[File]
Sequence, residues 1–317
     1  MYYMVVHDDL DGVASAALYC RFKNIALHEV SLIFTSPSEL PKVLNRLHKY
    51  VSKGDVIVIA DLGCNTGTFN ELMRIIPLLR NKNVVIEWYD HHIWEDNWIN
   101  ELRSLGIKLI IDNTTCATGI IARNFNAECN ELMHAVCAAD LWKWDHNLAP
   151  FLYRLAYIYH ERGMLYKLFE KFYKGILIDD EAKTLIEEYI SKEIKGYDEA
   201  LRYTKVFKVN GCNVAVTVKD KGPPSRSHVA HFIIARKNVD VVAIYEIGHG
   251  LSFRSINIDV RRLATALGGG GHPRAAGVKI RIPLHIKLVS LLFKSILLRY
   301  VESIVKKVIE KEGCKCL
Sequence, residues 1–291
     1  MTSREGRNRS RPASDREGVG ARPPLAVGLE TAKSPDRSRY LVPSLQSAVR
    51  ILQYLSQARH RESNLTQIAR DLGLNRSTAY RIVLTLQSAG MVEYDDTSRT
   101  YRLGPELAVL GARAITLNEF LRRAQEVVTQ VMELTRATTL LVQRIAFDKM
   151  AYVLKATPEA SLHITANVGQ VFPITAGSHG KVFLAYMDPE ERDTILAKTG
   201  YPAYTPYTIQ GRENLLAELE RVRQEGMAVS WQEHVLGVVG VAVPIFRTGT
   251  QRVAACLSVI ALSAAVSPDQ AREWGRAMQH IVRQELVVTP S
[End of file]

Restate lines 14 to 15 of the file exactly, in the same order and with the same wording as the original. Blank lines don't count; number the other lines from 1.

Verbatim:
   201  YPAYTPYTIQ GRENLLAELE RVRQEGMAVS WQEHVLGVVG VAVPIFRTGT
   251  QRVAACLSVI ALSAAVSPDQ AREWGRAMQH IVRQELVVTP S